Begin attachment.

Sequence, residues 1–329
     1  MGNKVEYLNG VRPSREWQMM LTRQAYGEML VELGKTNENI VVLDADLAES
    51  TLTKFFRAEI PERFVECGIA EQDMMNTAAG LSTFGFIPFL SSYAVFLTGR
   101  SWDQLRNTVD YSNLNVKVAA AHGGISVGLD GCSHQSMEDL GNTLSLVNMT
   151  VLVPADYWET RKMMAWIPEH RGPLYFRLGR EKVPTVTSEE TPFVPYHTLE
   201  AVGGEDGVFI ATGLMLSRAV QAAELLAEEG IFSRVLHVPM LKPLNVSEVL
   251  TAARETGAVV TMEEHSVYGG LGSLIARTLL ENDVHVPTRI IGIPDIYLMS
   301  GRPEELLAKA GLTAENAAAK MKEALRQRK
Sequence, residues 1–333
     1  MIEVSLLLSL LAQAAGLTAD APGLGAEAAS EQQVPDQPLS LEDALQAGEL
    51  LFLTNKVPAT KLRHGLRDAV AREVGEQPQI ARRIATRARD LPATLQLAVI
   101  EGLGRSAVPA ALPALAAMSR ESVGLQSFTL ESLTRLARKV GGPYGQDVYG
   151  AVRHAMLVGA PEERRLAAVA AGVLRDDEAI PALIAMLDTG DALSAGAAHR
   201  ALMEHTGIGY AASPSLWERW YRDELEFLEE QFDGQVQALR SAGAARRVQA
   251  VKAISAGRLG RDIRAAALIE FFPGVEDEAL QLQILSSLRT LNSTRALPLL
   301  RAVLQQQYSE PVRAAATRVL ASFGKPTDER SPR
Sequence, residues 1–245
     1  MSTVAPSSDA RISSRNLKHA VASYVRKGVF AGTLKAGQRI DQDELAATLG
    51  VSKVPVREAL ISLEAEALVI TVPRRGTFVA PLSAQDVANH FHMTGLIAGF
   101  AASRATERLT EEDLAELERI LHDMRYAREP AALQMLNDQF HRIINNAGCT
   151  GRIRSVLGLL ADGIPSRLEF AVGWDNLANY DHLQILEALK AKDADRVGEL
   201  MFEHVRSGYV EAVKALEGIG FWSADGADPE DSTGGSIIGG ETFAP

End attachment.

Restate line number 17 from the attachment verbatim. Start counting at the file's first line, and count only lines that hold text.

Sequence, residues 1–245